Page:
Awesome NO-Bake Dessert Bars!
These bars are quick and easy to make, kind of like rice krispy treats but taste even better. With simple ingredients like corn flakes, crunchy peanut butter, sugar and chocolate chips you can have this no bake treat ready in no time. THis no bake treat is a great way to put together a tasty snack that the kids will love. You will want to make sure to cool the quick dessert before you serve. For the complete step by step instructions take a look a the Budget 101 site.
It takes about 540 peanuts to make .75 pounds of peanut butter. That's a lot of nuts. Peanut butter comes in three different spreads to include creamy, smooth and crunchy. And there are many ways to enjoy your peanut butter, and depending on your gender and age you might prefer the spread differently. Women and children prefer the creamy variety while men prefer chunky, according to the National Peanut Board. Additionally, people who live on the East Coast of America seem to favor creamy peanut butter while people who live on the West Coast prefer the crunchy kind. According to the National Peanut Board, the average American child will consume about 1,500 peanut butter and jelly sandwiches before they even graduate from high school. Peanut butter may also help to lower your cholesterol. According to one study from the University of Florida, peanut butter contains antioxidants and oleic acid that may be helpful in preventing type 2 diabetes and aiding in weight loss. Americans love peanut butter, and the top ten candy bars that are manufactured in the United States contain peanuts or peanut butter and peanuts.
In 1930, a dietician by the name of Ruth Graves Wakefield and her husband, Kenneth, purchased a Cape-Cod style house that was located halfway between Boston and New Bedford, Massachusetts, just outside the town of Whitman. The house, which was built in 1709, had once been a truck stop of sorts, where travelers could rest, have a nice meal, change horses, and pay any necessary tolls for using the road. Ruth and Kenneth soon after buying, turned their new home into a lodge called The Toll House Inn. Ruth’s great skills in the kitchen, especially at baking and making mouthwatering dessert recipes, brought in visitors from all over the northeast. One of her favorite dessert recipes, which dates all the way back to Colonial days, was for Butter Drop Do cookies. One version of the dessert recipe called for Baker’s chocolate, and, upon finding herself without any, Ruth chopped up a some of Nestle Semi-Sweet Chocolate and added the tiny pieces to the dough. The chocolate pieces were supposed to melt and spread the dough, but it didn’t. So on that day in 1937, is when the history of chocolate chip cookies began.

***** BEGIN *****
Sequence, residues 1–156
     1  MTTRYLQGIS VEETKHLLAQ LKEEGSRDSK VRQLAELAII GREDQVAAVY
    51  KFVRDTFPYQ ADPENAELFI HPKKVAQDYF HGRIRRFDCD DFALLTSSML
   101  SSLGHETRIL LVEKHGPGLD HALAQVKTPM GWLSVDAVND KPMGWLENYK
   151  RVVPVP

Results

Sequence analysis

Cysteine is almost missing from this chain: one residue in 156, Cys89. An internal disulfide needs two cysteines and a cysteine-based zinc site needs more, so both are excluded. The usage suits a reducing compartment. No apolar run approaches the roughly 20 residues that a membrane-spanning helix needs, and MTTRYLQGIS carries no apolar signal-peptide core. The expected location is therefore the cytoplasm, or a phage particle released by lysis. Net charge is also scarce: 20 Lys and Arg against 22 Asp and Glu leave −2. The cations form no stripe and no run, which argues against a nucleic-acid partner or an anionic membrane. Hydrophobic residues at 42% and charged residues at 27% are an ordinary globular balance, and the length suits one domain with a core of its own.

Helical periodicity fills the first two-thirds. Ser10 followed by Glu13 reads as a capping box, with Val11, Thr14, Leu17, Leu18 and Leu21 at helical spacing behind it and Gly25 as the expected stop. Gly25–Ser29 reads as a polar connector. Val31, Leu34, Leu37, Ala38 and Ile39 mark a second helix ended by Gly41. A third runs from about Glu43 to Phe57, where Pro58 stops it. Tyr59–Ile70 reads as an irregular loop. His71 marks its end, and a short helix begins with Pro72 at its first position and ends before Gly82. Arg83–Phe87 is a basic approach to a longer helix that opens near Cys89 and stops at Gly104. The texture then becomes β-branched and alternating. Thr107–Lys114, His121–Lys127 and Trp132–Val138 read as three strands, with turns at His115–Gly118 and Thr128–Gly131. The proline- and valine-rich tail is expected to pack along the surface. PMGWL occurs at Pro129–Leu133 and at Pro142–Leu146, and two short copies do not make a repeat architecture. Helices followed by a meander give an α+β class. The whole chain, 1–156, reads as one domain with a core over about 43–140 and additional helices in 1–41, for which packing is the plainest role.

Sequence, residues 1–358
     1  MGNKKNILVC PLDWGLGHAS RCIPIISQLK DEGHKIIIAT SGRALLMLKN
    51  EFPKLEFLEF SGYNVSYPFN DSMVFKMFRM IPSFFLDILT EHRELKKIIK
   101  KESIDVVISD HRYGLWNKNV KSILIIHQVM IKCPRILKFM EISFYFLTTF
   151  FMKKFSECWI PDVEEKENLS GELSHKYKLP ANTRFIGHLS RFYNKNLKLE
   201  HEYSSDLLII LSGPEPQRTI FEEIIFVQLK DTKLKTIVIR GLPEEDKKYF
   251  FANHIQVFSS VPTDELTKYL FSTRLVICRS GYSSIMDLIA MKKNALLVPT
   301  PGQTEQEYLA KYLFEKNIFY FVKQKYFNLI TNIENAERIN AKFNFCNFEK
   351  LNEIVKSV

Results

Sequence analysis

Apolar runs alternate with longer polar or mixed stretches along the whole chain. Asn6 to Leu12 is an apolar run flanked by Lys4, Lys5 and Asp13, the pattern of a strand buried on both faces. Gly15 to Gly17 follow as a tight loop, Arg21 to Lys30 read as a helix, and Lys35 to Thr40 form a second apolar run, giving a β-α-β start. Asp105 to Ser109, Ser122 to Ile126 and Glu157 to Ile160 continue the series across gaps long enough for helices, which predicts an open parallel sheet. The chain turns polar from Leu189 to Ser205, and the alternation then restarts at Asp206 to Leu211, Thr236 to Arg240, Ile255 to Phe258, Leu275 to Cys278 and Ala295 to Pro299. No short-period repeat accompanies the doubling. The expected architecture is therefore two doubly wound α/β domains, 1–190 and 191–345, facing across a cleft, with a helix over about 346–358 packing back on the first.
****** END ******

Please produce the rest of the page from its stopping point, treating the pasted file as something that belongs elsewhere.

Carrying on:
This is only one version of the story, another version of the story is that Ruth didn't have any nuts for the recipe, so she chopped up some chocolate. And there is yet another version of the story that says a chocolate bar broke off and fell in the dough. Only Ruth knows the true story, but whatever happened, the rest is chocolate chip cookie history. The chocolate chip kept its shape during baking but melted just enough to have that nice gooey texture that everyone loves. The new cookie recipe was a hit, and Ruth’s recipe for Toll House Chocolate Crunch Cookies was published in newspapers all over New England. You will find this no-bake recipe for kids on the Budget 101 site. On the site, you will find quick desserts, crafts, DIY ideas, gardening, recipes and so much more. **
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